The Hill Stations of Southern India
The Western Ghats, a mountain range in southern India, are regarded as one of the most biologically diverse places on earth.
The mountains stretch from the southern tip of India for about 1,600 km, running roughly parallel to the country’s western coast through five states: Maharashtra, Goa, Karnataka, Kerala and Tamil Nadu.
The UN's cultural agency, Unesco, includes 39 sites in the Western Ghats on its list of World Heritage Sites in 2012. These include national parks, wildlife sanctuaries and forest reserves.
Unesco says the forests are home to at least 325 globally-threatened plant, bird, fish, reptile and amphibian species.
When people planning to visit India think of mountains, their thoughts surely turn first to the mighty Himalayas in the north. But for senior travellers who want to experience a green India and a little peace and quiet, the Western Ghats have a lot to offer.
The range – the tallest in South India – is home to a number of hill stations that offer mountain scenery, wildlife and an escape from the heat of the plains below.
While some of the hill stations in northern India are justly famous – Shimla, Darjeeling – those in the south are well worth considering too.
Perhaps the best known, Munnar, is set among huge tea plantations in Kerala and can be reached by road from the port of Kochi (also known as Cochin). Once a resort for British colonials, Munnar is now popular with locals and foreign visitors alike.
The town itself is crowded and unkempt, like most Indian hill stations. But don’t be put off by this. The appeal lies in the surrounding countryside. While there are several hotels in town to choose from, a good option might be a homestay nearby – a private home, often set among beautiful surroundings and offering a tranquil stay.
Do a bit of homework online and select one that takes your fancy, preferably well in advance to ensure the dates you want are available.
Among the top attractions is Eravikulam National Park in the mountains above the town. The journey on the narrow, winding road can be hair-raising, particularly if traffic is heavy. But the views are exceptional.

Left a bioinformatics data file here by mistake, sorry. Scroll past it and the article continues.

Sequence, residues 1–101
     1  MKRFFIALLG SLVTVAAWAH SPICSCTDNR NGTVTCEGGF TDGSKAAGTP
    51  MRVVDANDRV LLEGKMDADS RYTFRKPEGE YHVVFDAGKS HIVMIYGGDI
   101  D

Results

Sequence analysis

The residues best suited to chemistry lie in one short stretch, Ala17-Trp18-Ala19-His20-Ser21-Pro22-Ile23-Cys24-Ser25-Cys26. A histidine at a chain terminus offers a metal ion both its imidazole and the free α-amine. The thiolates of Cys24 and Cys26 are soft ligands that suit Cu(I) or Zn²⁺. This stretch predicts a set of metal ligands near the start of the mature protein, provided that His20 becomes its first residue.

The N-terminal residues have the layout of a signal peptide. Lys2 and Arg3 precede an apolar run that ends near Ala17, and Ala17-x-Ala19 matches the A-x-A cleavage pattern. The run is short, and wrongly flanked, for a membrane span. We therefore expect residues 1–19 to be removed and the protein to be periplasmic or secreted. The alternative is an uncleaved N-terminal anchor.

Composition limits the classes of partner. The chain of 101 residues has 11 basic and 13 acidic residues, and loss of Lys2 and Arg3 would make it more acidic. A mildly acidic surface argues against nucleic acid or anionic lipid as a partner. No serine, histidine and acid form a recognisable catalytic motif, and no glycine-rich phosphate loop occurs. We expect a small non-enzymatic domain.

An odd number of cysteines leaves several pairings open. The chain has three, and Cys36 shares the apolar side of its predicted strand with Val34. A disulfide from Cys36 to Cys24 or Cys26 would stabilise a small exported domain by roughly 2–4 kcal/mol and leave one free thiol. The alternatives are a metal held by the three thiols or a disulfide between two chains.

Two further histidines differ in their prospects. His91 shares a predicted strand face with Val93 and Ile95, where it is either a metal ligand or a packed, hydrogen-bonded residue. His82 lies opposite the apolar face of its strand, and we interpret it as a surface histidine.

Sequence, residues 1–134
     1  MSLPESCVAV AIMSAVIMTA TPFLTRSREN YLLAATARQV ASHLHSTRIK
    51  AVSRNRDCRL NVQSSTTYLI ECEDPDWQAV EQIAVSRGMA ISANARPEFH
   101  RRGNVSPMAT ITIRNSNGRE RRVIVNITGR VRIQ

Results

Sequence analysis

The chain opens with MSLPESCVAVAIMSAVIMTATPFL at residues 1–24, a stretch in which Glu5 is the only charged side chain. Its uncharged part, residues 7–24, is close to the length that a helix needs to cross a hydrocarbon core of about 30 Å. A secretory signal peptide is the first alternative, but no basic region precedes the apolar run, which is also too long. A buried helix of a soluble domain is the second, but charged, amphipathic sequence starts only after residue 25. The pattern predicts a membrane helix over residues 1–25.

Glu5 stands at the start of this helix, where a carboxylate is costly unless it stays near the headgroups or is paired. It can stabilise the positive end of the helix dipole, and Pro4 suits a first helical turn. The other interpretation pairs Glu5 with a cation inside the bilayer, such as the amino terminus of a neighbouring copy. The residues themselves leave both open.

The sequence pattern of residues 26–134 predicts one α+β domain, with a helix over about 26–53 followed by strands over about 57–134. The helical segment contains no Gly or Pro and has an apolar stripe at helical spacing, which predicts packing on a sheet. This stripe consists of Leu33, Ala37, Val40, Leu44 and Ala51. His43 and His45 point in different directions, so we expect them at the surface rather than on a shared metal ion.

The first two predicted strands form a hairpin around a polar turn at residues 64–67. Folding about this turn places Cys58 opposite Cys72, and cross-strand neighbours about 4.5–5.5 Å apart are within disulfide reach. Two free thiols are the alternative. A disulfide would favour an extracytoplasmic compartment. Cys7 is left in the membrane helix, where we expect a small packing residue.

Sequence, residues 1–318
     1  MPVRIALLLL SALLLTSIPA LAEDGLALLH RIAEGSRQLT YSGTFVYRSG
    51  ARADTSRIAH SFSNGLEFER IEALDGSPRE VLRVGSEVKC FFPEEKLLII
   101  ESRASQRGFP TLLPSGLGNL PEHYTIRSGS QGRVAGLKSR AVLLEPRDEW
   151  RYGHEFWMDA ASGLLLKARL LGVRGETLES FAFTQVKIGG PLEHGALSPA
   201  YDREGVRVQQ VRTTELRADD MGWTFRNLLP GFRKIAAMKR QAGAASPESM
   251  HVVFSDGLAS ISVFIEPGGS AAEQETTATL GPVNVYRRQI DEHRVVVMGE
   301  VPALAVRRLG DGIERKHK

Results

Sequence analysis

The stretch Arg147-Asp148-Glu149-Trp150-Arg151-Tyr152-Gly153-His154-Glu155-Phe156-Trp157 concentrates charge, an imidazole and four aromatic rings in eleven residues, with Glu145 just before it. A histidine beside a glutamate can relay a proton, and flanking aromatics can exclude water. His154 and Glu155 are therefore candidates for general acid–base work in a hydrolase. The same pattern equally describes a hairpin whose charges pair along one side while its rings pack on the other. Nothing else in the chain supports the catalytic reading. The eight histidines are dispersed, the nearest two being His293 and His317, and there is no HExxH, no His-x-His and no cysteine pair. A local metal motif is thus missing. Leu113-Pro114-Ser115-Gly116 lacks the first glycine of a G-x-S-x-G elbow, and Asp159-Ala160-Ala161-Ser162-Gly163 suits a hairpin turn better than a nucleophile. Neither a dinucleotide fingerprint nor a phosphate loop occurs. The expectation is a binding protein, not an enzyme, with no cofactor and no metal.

You’ll see the nilgiri tahr, an endangered wild goat that’s plentiful in the park but rare outside it. The park area includes Anamudi, at 2,695 metres India’s highest mountain south of the Himalayas.
Many senior travellers will also want to visit a tea factory and plantation. Tea has been grown in Munnar since the late 19th century and the plantations are considered among the finest in southern India. There’s a tea museum too. And you can also simply stop along the road and watch tea pickers at work.
If you’re planning to spend several days in Kerala, consider combining a visit to Munnar with a day or two in Kochi – a noisy, bustling port with a long history as a spice trading centre. You can also spend time on the Kerala backwaters, a stretch of lagoons and lakes lying parallel to the coast, where you can rent a traditional houseboat to escape from it all in comfort, with excellent accommodation and meals.
Ooty in the neighbouring state of Tamil Nadu is another popular hill station. Its full name is Ootacamund or Udhagamandalam but everyone calls it Ooty. Nestled in the Nilgiri Hills, it boasts forests, lakes, rivers, tea estates and botanical gardens. Like most Indian hill stations, it’s overcrowded, particularly from March to May, and you’ll need to get out of town to enjoy it most.
Other hill stations in the Western Ghats include Matheran and Amboli in Maharashtra, Coorg and Kudremukh in Karnataka, Ponmudi in Kerala and Coonoor in Tamil Nadu.
The range is also home to wildlife reserves. The Mudumalai Tiger Reserve in Tamil Nadu and the Anamalai Tiger Reserve on the Tamil Nadu/Kerala border are two of the best known.
Population pressure is putting growing pressure on the rich ecosystems of the Western Ghats. But they remain a treasure house of biodiversity and an exciting destination for travellers.
Header image: Vasudevan Kumar